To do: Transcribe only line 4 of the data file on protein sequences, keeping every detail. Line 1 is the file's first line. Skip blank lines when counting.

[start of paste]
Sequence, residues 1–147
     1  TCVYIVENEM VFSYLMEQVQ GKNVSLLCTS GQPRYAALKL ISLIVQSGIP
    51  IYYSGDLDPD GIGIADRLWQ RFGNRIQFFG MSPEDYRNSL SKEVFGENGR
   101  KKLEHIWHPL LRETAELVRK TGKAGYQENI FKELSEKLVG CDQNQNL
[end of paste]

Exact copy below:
   101  KKLEHIWHPL LRETAELVRK TGKAGYQENI FKELSEKLVG CDQNQNL